Despite the slew of automotive recalls over the past year, a new survey conducted by Atlanta-based Speedemissions, Inc. indicates that 79% of the more than 1,300 people surveyed feel as safe or safer in their vehicles than they did a year ago.
However, a new iPhone application that analyzes an automobile’s computer system emphasizes that consumers may not be as knowledgeable about their automobiles as they think.
CARbonga is an iPhone app (also runs on the iPod touch and iPad) designed to address both broader vehicle safety systems, such as its anti-lock brakes, air bags, safety-restraint systems and tire pressure monitoring systems, as well as On-Board Diagnostic (OBD) codes for vehicle emissions and other engine problems.
“Our survey shows that 80% of consumers know something could be amiss with their vehicles, even though the warning lights do not indicate a problem. Still, 81% said they trust their automobile manufacturer and/or their auto’s electronic system to warn them of problems,” said Rich Parlontieri, president and CEO of Speedemissions, Inc. and founder of CARbonga, who added, “That’s a potentially dangerous gamble.”
One version of CARbonga allows car owners to receive notices from the vehicle manufacturer about possible warranty work and notice of issued TSBs through their iPhone.
From April 2008 to April 2009, more than 6,300 Technical Service Bulletins (TSBs) were issued to dealers by automobile manufacturers. Parlontieri said this is a key issue, given that 38% of car owners surveyed did not know dealers and automotive repair shops routinely received these TSBs.
According to the National Highway Transportation Safety Association (NHTSA), 16.4 million vehicles were recalled in 2009, an increase of 56% over the previous year. The trend toward increases in recalls each year could create anxiety among vehicle owners.
However, a rise in auto recalls may not necessarily be due to poor OE workmanship, says one auto information provider.
Rather, it’s just the outcome of more vigilant drivers.
While new car recalls have been among the biggest news stories of the year, an analysis by Edmunds.com, assures consumers that despite these recent headlines, recalls were much more of a concern in decades past.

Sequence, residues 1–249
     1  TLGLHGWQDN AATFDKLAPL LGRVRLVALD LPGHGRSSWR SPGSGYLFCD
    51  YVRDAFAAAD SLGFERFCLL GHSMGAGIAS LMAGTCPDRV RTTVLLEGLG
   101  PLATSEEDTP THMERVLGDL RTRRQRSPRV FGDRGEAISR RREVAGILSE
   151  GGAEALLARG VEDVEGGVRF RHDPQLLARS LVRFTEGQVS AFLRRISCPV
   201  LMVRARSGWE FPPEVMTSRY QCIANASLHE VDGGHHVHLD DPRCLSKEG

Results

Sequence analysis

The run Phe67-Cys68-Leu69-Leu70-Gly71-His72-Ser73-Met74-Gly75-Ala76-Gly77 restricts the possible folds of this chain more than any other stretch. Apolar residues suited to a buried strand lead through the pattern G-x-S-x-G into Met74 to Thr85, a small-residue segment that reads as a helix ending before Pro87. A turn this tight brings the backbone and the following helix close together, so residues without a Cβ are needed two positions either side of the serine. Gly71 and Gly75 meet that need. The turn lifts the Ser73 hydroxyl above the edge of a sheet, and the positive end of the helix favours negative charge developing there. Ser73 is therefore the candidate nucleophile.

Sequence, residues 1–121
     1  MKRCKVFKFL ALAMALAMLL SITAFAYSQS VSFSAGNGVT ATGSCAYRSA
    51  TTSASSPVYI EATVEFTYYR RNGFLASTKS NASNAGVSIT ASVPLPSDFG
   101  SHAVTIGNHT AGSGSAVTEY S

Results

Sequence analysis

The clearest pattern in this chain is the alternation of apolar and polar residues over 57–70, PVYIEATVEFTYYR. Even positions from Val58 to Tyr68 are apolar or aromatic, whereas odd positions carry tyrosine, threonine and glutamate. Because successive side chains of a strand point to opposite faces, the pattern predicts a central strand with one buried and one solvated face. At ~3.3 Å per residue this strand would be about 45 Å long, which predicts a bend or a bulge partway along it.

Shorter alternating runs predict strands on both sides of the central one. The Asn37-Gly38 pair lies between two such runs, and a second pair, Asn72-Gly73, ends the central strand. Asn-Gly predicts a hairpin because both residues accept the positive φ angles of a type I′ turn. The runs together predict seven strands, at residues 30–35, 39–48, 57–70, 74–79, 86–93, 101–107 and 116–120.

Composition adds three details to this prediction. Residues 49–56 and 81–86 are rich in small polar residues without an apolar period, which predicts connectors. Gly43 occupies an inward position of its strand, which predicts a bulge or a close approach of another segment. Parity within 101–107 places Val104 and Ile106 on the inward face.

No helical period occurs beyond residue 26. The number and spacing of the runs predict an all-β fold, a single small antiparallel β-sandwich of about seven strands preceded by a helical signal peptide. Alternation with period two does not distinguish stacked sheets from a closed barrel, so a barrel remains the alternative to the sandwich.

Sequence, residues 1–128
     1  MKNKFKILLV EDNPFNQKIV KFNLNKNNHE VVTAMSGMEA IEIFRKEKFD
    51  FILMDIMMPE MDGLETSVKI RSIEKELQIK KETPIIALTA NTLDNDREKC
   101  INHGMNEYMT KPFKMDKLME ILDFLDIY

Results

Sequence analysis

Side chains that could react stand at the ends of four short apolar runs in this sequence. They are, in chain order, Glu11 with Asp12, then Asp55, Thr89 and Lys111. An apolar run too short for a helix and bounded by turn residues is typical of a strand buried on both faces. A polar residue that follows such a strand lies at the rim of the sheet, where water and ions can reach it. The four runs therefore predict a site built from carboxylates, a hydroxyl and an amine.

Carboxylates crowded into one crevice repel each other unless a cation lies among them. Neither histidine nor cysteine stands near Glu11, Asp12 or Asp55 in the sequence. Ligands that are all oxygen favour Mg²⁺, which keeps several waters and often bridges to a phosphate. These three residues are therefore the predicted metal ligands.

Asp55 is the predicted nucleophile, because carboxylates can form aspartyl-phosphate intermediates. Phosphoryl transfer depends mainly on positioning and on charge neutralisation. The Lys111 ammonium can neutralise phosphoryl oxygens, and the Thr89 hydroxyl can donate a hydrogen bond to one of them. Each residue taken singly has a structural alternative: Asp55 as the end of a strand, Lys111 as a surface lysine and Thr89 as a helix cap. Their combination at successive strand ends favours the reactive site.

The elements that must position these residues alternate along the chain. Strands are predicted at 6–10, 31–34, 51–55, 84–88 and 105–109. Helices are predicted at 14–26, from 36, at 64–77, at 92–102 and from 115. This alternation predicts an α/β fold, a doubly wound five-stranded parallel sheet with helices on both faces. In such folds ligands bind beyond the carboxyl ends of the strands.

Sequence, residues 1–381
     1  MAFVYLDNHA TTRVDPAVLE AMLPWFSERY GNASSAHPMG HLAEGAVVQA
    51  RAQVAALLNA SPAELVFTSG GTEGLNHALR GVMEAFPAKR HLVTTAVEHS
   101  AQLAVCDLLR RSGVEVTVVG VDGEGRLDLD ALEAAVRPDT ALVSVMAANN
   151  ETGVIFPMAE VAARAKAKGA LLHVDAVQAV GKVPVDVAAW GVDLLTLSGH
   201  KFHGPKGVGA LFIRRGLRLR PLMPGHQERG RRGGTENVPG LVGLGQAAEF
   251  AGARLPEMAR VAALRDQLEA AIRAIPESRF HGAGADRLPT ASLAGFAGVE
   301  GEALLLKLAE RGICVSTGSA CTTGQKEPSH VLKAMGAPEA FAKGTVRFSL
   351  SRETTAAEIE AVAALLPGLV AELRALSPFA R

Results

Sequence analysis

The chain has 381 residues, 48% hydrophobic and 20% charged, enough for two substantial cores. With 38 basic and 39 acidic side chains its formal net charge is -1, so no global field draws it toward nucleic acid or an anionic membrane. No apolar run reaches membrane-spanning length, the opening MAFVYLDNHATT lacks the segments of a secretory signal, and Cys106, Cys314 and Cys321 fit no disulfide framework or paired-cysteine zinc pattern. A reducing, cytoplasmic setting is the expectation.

“Recall numbers have been remarkably high since the mid-’90s when car technology really began getting complicated, but this year they’ve been far more publicized,” asserted Edmunds.com senior analyst Ray Zhou, PhD.
“Thanks to recent headlines this year, drivers are more alert to any potential safety issues and more likely to report any potential flaws and perhaps even pay closer attention to recall news," he said.
Through early June, Edmunds.com contends that the industry has issued 81 recalls, which is in line with the recent average of 164 per year.
The number of vehicles affected by the recalls this year just over 10 million to date suggests that the year-end total may be slightly higher than the 10-year average of 18.1 million vehicles per year.
“The level of vehicle recall activity simply doesn’t suggest any greater reasons for concern by consumers,” said Dan Edmunds, Director of Vehicle Testing at Edmunds.com.
“In fact, automakers as a whole have become increasingly diligent, not only about safety and reliability, but also about reporting problems with their vehicles and, in many cases, recalling them more quickly than in the past.”
As drivers become more attentive about vehicle problems and TSBs either through new technology applications or through the news it will be interesting to see if this translates into more scheduled shop visits by your customers.